“One genius actor is not theater; it is a monster, a miracle. To prefer one good actor over a good ensemble is to deny the very essence of theater; the concept of theater includes the notion of the collective.”
Yevgeny Vakhtangov, (born Feb. 1 [Feb. 13, New Style], 1883, Vladikavkaz, Russia—died May 29, 1922, Moscow), Russian theatrical director of the Moscow Art Theatre.
A pupil of Konstantin Stanislavsky, Vakhtangov succeeded by the early 1920s in reconciling the naturalistic acting techniques of his master with the bold experiments of Vsevolod Y. Meyerhold. His departure from naturalism in the direction of greater theatricality gave rise to some of the most original productions of the Russian post-Revolutionary theater. In 1920 he took charge of the Third Workshop, which was a subsidiary studio of the Moscow Art Theatre, and gradually led that company toward a “fantastic realism.” He made use of masks, music, dance, and boldly abstract costume and scenery design in pursuit of a theatre that would offer the popular audience dreams, fantasy, and satire rather than a mirror of itself.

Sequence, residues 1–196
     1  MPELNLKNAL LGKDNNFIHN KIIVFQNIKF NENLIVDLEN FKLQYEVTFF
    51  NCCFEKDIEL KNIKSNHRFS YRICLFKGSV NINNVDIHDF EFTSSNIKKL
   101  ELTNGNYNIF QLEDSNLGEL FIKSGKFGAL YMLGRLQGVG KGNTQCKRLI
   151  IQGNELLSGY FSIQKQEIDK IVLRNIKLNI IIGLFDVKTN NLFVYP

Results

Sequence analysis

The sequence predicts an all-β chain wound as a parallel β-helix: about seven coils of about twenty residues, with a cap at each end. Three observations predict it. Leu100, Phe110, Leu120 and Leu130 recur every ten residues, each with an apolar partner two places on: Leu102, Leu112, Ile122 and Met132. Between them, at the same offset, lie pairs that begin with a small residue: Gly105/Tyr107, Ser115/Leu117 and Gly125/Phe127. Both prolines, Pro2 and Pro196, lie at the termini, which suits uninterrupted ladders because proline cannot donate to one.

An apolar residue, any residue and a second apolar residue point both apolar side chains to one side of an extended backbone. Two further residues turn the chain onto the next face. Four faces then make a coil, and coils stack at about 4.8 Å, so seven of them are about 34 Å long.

As director, simultaneously, of the Habima Theatre, Vakhtangov found in Jewish folklore a further field for the exercise of whimsy and grotesquerie. The Dybbuk, S. Ansky’s tale of demoniac possession, was a particular success (1922). While far less extreme than Meyerhold, Vakhtangov did not hesitate to realize bold new interpretations. In his brilliant production of Carlo Gozzi’s Chinese fairy-tale Turandot, he introduced commedia dell’arte techniques and had actors dress and make up on the stage and stagehands change sets in view of the audience. The production of Turandot, which was begun when Vakhtangov was fatally ill, was nevertheless infused with the gaiety, charm, and optimistic humanity that were characteristic of his work. After the dress rehearsal he was confined to bed, and he died three months later at age 39. The Third Workshop was renamed the Vakhtangov Theatre.
The symbolist revolution in drama that we all know from Konstantin’s little play so rudely interrupted in Chekhov’s “The Seagull” had a rich heritage in the work of Gordon Craig, Meyerhold, Marina Tsvetaeva, Grombrovich in Poland and his successors, Maurice Maeterlinck, right into Tadeuz Kantor and on into Beckett. Worth getting to know this tradition.